Thoughts on friendship asymmetries

Yeah, I know, weird title. But I wanted to explore a little bit more this topic. Some weeks ago I explored how I deal with friendship.

I didn’t go deep into the asymmetries in friendships, so let’s try to go there today.

So, the concept shouldn’t be too hard to understand. Most healthy relationships are based on the idea of mutual benefit. Rationally speaking, we are talking that one side gives 50% and receives in exchange 50%.

The reality is slightly different, though. First of all, what do we mean by giving and receiving? Well, in essence, people connect with each other because they’re looking for something. Aren’t we all? So for some people, it would be comfort, security, love, tenderness. You name it.

The relation between what you receive and what you give needs to be fair.

Each person looks for something different. What’s important is that for most, the relation between what you receive and what you give needs to be fair.

Now, the problem is that ‘fair’ is a subjective notion. As I said, for most people, 50/50 is the norm. Sometimes these numbers can and will hover, but as long as it’s seen by both parties as a fair deal, things will work.

But the question is, and what happens when the relationship tilts to a 10/90? How do we react? This is what I call an asymmetric relationship.

Most people will react poorly to such an imbalance. We hate to give more than we receive, “what’s in it for me?”. It’s what Dan Ariely would call, a predictively irrational behavior.

When such an imbalance happens, most people will kill the relationship. They feel cheated; they feel like the other person is taking advantage of them.

I must confess I don’t like being on the receiving end of asymmetric relationships. I’m human after all. But in all honesty, I know I’ve been on the other side of this. I haven’t given my all to some people that wanted more from me. I never did it on purpose, but it’s there anyway.

So, how do we deal with this situation? Well, I’m learning that there are other ways to deal with such relationships. It doesn’t necessarily mean you should let them die.

The first thing is to remove your ego from the equation. We feel cheated because we’re looking for something in exchange. You want to ‘win’ something. What if we just dropped that? What if you just took what it’s giving to you? Think about it as a donation in the good karma bank.

You don’t know when it will happen, but sometimes you get surprised, and you get a donation. Well, asymmetric relationships are something similar. The expectation of reciprocity is what hurts. Take that away and it stops hurting so much.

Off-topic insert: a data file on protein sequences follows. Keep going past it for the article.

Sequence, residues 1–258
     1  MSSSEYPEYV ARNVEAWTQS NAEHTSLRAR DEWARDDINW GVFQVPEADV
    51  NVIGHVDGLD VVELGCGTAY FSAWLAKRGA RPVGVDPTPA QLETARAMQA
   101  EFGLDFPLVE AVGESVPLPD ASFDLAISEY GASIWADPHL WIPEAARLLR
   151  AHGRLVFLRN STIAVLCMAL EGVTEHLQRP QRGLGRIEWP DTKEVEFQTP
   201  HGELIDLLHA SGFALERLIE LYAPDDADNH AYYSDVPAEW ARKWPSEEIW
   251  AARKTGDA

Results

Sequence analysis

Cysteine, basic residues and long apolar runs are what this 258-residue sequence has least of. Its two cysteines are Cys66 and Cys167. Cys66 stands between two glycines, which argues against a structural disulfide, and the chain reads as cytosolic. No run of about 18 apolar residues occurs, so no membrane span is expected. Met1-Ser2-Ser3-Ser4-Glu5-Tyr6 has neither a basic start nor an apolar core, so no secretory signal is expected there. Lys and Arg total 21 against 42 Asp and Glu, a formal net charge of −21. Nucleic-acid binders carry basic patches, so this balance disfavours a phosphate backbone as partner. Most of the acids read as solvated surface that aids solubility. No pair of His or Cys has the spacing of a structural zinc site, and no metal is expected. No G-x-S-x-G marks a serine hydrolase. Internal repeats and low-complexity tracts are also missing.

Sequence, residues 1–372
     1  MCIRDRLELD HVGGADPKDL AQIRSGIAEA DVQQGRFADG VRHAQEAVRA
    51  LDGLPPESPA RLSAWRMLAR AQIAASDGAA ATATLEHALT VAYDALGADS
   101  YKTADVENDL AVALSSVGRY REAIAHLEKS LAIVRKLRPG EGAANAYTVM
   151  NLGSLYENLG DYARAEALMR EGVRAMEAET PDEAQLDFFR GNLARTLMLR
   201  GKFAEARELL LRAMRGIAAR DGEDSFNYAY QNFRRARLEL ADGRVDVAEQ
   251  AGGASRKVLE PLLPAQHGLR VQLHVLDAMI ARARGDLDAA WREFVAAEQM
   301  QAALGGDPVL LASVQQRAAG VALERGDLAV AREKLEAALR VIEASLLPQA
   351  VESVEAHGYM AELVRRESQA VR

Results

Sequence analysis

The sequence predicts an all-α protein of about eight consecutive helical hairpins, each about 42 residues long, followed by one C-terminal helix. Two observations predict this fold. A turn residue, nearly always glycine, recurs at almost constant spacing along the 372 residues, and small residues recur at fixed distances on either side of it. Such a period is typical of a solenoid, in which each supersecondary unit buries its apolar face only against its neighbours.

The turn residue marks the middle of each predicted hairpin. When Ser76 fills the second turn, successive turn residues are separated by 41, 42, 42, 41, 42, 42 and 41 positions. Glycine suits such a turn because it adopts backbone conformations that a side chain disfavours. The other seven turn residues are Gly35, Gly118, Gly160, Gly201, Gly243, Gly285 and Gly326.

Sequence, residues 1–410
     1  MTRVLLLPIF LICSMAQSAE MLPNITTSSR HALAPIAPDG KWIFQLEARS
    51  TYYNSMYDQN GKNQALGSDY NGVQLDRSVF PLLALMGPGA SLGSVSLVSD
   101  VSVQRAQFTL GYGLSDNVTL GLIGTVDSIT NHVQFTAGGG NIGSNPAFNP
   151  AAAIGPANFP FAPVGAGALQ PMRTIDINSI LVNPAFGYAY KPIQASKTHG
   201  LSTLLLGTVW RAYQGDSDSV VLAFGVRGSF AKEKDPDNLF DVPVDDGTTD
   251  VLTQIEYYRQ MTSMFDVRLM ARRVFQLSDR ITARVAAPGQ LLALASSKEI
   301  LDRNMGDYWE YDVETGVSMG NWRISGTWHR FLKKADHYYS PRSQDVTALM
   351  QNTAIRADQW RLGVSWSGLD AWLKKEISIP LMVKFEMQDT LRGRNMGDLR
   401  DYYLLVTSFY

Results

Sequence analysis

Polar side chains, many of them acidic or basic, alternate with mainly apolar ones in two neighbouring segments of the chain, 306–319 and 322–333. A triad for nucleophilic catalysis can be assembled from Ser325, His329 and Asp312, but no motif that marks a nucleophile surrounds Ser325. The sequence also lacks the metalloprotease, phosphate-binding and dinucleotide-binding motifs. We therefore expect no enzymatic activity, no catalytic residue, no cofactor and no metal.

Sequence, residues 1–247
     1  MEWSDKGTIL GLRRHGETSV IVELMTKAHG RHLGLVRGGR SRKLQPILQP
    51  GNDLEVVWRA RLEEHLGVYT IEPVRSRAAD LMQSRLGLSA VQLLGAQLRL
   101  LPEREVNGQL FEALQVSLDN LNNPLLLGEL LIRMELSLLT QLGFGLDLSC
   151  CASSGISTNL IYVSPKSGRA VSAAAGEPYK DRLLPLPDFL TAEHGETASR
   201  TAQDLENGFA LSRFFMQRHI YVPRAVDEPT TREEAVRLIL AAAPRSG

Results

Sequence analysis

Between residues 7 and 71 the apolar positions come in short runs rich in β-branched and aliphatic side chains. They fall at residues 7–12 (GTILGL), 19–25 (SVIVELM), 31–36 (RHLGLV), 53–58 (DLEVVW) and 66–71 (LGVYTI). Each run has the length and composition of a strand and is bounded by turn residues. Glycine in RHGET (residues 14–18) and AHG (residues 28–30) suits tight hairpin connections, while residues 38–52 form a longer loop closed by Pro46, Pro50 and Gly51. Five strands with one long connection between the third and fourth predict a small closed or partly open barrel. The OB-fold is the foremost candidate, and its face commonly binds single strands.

What do you get in exchange? You get to work on love and compassion.

Sometimes you receive 10%, other times you receive 30%. Sometimes the other person asks for 100% of you. What to do? Well, I’m starting to believe this is a fantastic exercise on compassion. What do you get in exchange? You get to work on love and compassion.

Helping others makes us happy. Having an asymmetric relationship does helps build on that compassionated heart. Give without expecting nothing in return.

I would just comment on a few twists, though. Relationships can become a zero-sum game. In those cases, you receive -10% and the other person takes 110% of you. Try to avoid those. The reason might not be what you expect, though.

Sometimes, being selfish is a virtue.

Before helping anyone, you need to help yourself. We can’t go on giving forever. Sometimes, being selfish is a virtue. You need to protect yourself before giving again. So always check you’re in a place where you can provide for others. If you aren’t whole, if you aren’t in a happy place, you will just go deeper into your suffering.

We all need harmonious relationships. Look for those first and foremost. Once you have those, move on and sustain asymmetric relationships. They will be different and will help you in various ways. Just remember, expect nothing, just enjoy.

Even getting a 1% of someone incredible is more than 0%.

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Chief Editor at The Aleph Report (@thealeph_report), CEO at Press42.com, Cofounder & associated editor @tech_eu, former editor @KernelMag.

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Alex Barrera

Alex Barrera

Chief Editor at The Aleph Report (@thealeph_report), CEO at Press42.com, Cofounder & associated editor @tech_eu, former editor @KernelMag.